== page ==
Just about anyone will tell you that the killer app for mobile data is e-mail. What they dont tell you is who is going to die as a result. You want a list? I can give you one.
First, its the people who justify investment in mobile devices by claiming that there will be a return on that investment in terms of productivity. Theyre wrong. Theres plenty of evidence to show that the "Crackberry" phenomenon has many similarities to any other form of addiction.
A veteran of mobile data, Yad Jura of IAnywhere (formerly Xcellenet), says, "If you dont have a justification for the mobile investment beside e-mail, it will almost certainly fail." Hes seen this happen not just once or twice, but many times. "You get senior executives, keen on having access to e-mail on a cool new toy. But in fact, mobile only makes money for the enterprise if its widespread and involved in the core activity."
Recently, the University of London Institute of Psychiatry produced a report showing that "the constant distractions of e-mail and texting are more harmful to performance than cannabis." Come on, admit it: You cant concentrate on what youre doing if youre interrupted. Thats why important executives are given secretarial services—so these distractions can be reduced, and the trivia off-loaded.
Who else is going to die?
Easy: the usual scapegoat. The IT director, of course, will be held responsible for a venture that, almost certainly, the MIS staff warned, several times, was a silly idea. You should always justify the investment in IT equipment on productivity, but you should also have some idea about how much it will cost to implement.
The problem with mobile e-mail is that its easy to implement for 20 people, but a pig to manage for 2,000. So typically, people roll this out for a test group (and, in the case of most BlackBerry installations, this is the board and a few cronies) who all live in the head office.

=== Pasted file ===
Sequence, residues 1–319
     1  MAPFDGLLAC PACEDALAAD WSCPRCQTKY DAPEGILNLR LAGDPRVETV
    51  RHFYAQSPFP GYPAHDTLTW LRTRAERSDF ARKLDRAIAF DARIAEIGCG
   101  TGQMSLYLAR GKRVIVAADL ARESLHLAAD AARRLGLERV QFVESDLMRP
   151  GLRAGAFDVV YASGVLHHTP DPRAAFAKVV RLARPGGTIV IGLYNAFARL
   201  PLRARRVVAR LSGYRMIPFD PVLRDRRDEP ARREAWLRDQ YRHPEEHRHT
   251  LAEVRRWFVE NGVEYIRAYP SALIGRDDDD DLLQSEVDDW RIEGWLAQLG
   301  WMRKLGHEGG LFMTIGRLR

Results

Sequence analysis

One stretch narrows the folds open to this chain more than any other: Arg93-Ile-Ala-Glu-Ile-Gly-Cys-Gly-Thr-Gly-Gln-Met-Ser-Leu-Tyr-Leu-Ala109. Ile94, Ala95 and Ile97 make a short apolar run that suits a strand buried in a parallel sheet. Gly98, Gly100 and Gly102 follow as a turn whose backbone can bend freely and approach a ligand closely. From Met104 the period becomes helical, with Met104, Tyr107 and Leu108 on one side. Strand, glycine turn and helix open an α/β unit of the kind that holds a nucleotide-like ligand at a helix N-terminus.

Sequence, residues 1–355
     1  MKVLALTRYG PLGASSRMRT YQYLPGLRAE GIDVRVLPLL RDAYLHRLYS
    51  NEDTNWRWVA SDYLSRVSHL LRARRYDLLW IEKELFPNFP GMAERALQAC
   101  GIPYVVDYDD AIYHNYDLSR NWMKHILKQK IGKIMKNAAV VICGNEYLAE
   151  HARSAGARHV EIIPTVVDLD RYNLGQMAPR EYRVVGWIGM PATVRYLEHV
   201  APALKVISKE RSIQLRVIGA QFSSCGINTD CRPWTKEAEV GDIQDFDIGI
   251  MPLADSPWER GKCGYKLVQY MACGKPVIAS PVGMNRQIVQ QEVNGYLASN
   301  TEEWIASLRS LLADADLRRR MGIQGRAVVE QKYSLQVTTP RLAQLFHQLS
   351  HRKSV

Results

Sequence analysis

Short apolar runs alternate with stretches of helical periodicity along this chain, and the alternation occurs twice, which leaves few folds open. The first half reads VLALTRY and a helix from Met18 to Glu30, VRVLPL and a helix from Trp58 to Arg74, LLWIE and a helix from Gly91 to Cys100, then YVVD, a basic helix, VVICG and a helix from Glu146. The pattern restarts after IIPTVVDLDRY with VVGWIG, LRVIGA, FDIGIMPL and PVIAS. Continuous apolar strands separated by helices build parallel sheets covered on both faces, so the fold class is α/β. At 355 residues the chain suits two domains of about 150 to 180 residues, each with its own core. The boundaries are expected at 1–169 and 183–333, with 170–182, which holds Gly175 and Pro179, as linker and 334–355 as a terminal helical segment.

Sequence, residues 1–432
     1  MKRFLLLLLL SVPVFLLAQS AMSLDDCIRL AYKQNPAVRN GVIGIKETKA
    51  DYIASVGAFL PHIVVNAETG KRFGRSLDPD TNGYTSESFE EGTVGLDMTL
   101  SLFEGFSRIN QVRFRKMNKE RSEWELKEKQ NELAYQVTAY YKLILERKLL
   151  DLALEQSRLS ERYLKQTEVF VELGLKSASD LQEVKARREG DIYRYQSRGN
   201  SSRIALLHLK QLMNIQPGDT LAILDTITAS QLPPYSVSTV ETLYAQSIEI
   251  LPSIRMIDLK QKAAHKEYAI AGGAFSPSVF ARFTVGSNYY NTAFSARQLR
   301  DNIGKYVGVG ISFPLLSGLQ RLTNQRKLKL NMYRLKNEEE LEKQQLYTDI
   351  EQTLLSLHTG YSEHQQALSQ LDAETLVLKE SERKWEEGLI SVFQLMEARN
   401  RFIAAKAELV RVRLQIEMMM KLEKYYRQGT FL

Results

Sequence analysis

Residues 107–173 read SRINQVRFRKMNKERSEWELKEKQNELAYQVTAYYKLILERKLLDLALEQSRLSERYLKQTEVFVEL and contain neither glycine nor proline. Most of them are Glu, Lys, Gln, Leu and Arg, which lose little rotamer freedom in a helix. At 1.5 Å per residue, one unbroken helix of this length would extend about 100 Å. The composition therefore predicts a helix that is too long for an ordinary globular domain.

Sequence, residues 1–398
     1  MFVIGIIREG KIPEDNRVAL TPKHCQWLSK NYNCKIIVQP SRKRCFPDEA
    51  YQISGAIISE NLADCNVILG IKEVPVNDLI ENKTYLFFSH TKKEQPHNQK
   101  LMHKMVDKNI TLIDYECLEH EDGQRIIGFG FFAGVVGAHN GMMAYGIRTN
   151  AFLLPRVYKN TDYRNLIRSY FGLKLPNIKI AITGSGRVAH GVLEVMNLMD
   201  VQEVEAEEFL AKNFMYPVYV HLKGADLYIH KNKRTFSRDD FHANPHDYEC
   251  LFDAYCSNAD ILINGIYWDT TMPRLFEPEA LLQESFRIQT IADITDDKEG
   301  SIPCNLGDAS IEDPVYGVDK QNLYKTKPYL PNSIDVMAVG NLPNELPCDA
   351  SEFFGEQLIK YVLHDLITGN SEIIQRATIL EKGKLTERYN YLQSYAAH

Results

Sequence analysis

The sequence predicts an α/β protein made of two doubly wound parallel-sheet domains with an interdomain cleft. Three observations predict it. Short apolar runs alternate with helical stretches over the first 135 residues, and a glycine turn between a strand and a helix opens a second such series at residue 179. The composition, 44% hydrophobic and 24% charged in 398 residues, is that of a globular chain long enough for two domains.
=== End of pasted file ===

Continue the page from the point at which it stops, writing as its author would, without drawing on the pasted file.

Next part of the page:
Then they go "live" on the big picture and discover that all the problems that are commonplace in IT management—surprise, surprise!—also apply to mobile IT. You have to back them up, update applications, install patches—and deal with security threats.
And then, on top of that, you have to deal with the problem of people forgetting to bring them into the office for updates—and even forgetting to take them off the plane, or the train, or the taxi.
Managing a fleet of Pocket PCs isnt a way of halving your IT budget, but large corporation directors have got into the habit of thinking that everything in IT gets cheaper. People, as Ive remarked before, do not get cheaper. And the fashion for outsourcing has reached its limit, five years after the Y2K fiasco. You could afford to cut the IT establishment when it was bloated; right now, its not just lean and mean, its bloody starved.
And of course, its the fault, not of the idiots who decided that the IT department should not concern itself with management questions, but just get on with the technology—no, its the fault of the IT department itself.